Paul Frank and Native American Artists Collaborate on Clothing LineLatest
Remember when Paul Frank was widely criticized for hosting a “pow wow”-themed party in Los Angeles last September where it encouraged guests to put on “war paint,” put feathers in their hair, and pose with tomahawks? Unusually, after a spate of examples of unapologetic appropriation by the likes of Forever 21, Victoria’s Secret, and Urban Outfitters, Paul Frank took the step of offering a sincere public apology and removed all the offending party images.
Paul Frank’s president even reached out to two of the Native American bloggers who had been most critical, Jessica Metcalfe of Beyond Buckskin and Adrienne Keene of Native Appropriations, and began what seems to have been a pretty productive conversation about Native American art, identity, and appropriation. The company also approached Keene and Metcalfe about collaborating with some Native artists on a collection, with proceeds to go to a Native cause.
Now that collection is becoming a reality. Paul Frank has announced an accessories collaboration with artists from four Native American tribes, including sunglasses, bags, and t-shirts, which will hit stores this August. No price information or images of the collection are yet available. Metcalfe writes:
The four designers selected for this collaboration are ideal candidates. Louie Gong (Nooksack) has been in the Native pop art and design scene for years, most notably for his hand-painted Northwest Coast-infused Vans sneakers. Cree/Metis artist Candace Halcro’s beaded sunglasses are topnotch with quality and color patterning. The Soft Museum is a collective of artists who hail from Santa Fe and have connections with the Institute of American Indian Arts — they create fun accessories from plastic hama beads and take the concept of adornment to new levels. Dustin Martin, a Navajo artist and Columbia University grad, brings a potent blend of crisp graphics and intelligence that infuse streetwear with intellect. Together they are creating a limited edition collection that fuses their own artistic styles with the Paul Frank brand and includes a tote bag by Gong, sunglasses by Halcro, jewelry by The Soft Museum, and a tee by Martin.
Keene says that not only did she and Metcalfe volunteer their time as consultants on the collaboration, but so did the designers. “We…did this all for the experience and the awareness, no money was involved,” she writes. That’s…surprising, to put it mildly. Surely the artists should have gotten something for the use of their work? But as a precedent for apparel brands seeking to engage with Native American (or other minority groups) and their heritage respectfully, this has a lot of potential. “We are providing a model for appropriate ways to participate in ‘culture’-based trends in the future,” says Metcalfe.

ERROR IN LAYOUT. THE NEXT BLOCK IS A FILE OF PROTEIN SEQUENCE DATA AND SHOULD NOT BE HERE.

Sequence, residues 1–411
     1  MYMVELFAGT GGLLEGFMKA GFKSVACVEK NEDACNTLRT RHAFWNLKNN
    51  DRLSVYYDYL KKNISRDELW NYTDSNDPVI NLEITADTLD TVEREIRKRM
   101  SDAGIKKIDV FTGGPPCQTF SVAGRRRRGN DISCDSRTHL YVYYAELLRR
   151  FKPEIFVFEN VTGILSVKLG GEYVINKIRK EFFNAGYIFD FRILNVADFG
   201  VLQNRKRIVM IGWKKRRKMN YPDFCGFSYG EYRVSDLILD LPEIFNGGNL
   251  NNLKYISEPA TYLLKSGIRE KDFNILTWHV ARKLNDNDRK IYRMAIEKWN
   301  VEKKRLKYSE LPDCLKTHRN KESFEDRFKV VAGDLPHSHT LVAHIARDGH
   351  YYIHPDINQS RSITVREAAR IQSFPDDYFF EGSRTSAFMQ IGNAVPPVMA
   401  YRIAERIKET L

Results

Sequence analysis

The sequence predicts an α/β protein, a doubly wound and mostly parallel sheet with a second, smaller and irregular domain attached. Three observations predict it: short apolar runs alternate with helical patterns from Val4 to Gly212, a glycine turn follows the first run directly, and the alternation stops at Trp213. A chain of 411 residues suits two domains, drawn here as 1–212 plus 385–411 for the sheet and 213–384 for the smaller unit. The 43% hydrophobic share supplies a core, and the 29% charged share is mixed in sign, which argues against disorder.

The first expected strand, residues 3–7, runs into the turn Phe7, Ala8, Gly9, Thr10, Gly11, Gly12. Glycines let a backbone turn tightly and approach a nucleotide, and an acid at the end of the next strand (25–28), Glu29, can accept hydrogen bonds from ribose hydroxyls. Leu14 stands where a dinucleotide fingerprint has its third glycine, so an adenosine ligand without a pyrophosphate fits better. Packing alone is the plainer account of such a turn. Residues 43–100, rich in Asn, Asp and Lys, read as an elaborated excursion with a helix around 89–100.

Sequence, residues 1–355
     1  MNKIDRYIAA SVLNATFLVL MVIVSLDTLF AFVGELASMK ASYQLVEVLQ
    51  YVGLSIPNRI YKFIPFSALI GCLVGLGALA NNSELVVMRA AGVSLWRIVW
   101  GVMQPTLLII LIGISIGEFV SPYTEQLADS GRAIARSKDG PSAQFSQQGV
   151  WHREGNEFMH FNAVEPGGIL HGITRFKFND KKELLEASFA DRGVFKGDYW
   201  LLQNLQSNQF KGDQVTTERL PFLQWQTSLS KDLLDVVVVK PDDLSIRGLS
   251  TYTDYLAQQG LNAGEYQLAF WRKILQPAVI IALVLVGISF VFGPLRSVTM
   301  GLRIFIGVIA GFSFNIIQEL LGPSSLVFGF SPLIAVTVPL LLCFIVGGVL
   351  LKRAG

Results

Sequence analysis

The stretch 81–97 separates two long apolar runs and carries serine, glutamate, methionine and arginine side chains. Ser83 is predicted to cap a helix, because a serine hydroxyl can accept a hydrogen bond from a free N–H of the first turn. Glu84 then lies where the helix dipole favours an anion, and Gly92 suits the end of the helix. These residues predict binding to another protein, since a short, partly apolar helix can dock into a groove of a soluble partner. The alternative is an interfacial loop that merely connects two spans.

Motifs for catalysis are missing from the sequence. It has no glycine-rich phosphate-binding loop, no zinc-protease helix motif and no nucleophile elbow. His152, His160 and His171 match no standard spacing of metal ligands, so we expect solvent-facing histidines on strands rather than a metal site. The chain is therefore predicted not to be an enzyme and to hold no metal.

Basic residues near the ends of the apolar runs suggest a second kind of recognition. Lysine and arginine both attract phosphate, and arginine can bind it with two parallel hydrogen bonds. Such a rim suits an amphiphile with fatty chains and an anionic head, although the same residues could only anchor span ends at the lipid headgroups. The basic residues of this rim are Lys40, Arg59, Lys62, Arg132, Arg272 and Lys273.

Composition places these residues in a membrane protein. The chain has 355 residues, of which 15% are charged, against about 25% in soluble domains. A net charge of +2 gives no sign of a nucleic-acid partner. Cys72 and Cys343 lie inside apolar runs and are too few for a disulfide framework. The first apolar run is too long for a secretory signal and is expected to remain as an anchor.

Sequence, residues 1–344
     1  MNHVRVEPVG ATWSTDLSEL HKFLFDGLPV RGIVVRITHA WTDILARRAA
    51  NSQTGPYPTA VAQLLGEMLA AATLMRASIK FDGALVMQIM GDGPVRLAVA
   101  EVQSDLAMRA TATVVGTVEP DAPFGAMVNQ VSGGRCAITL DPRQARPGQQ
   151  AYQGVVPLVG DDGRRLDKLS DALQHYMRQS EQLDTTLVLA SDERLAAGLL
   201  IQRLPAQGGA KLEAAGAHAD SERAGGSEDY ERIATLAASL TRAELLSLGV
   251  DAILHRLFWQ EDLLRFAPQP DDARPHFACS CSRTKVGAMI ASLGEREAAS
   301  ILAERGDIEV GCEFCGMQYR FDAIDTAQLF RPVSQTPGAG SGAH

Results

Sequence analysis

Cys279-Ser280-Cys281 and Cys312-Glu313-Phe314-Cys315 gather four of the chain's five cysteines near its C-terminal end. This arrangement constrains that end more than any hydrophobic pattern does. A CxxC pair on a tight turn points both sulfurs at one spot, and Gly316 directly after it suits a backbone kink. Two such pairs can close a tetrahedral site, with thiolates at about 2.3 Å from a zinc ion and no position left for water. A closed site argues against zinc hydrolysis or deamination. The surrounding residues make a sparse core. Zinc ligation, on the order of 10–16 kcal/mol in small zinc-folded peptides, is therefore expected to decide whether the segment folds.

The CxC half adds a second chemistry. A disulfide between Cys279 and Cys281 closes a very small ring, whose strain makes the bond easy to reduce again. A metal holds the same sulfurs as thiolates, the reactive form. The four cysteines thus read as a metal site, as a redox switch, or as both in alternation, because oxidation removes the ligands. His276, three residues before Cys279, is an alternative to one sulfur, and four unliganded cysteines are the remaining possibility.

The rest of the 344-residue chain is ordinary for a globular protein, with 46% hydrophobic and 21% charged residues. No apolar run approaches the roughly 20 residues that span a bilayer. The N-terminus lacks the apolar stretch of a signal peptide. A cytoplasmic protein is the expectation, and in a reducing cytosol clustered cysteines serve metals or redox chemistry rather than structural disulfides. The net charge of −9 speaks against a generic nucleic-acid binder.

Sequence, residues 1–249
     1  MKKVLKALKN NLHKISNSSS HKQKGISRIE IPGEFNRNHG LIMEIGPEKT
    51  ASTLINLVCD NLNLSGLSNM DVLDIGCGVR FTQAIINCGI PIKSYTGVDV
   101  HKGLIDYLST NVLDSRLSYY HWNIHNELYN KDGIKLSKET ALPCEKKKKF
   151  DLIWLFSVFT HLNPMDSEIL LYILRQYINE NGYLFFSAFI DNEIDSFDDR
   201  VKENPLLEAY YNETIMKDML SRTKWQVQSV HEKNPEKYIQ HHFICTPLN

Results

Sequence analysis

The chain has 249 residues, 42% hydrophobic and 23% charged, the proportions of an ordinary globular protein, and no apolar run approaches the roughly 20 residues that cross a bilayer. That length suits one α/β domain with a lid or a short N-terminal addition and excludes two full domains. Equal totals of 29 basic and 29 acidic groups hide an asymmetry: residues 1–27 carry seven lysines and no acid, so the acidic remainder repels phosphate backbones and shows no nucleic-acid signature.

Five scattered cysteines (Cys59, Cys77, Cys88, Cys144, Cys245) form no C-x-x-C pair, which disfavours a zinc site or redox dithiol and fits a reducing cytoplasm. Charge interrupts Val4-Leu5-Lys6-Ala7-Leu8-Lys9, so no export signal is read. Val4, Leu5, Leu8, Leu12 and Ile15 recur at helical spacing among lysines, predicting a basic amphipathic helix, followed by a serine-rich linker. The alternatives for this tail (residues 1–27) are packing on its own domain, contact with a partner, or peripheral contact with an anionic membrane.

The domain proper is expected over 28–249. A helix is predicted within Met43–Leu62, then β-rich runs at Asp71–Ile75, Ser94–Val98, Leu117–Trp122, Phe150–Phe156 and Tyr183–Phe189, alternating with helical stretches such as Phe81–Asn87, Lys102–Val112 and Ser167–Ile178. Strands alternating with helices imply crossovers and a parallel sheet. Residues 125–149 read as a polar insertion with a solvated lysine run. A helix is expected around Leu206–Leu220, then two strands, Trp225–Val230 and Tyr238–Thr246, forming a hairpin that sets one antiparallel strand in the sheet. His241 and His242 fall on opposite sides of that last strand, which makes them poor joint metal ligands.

Booth Moore of the Los Angeles Times initially reported positively on the collaboration in a post apparently based on a Paul Frank press release about the collection (which didn’t mention the party or how the company came to see the light). After Beyond Buckskin drew attention to the other factors behind the collaboration, Moore griped in a follow-up article:
Although Paul Frank’s collaboration with Native American artists will undoubtedly help bring the work of these talented young people to a wider audience, the company should have been forthcoming in press materials about the journey it took to get here. Because what is corporate responsibility without full disclosure?
Now, can we all just take a minute, breathe in deeply, and say “bullshit”? “But that wasn’t in the press release!” is just not an excuse a journalist can give the public. Ever. And especially not when it pertains to events that took place less than a year ago, and which were widely reported in dozens of news outlets at the time, and which should be considered common knowledge to a reporter on the fashion beat — someone like, say, Los Angeles Times fashion critic Booth Moore. You know what the first thing they teach you in journalism school is? I don’t know! I didn’t go to journalism school; I was too busy getting my degree in Reading Thomas Hardy And Eating Cheetos Good. And yet even I know that the first rule of Actually Reporting On Shit is: If your mother says she loves you, check it out. Yes, Paul Frank should have been more open about the reasons for the collaboration, but that’s no excuse for Moore’s lack of research. Don’t whine about what [controversial but easily discovered piece of information] wasn’t in a fucking press release. Jesus. You’re making us look bad.
Anyway! The collection sounds pretty neat.
Paul Frank x Native Designers [Beyond Buckskin]
The Paul Frank x Native Designers Collaboration is Here! [Native Appropriations]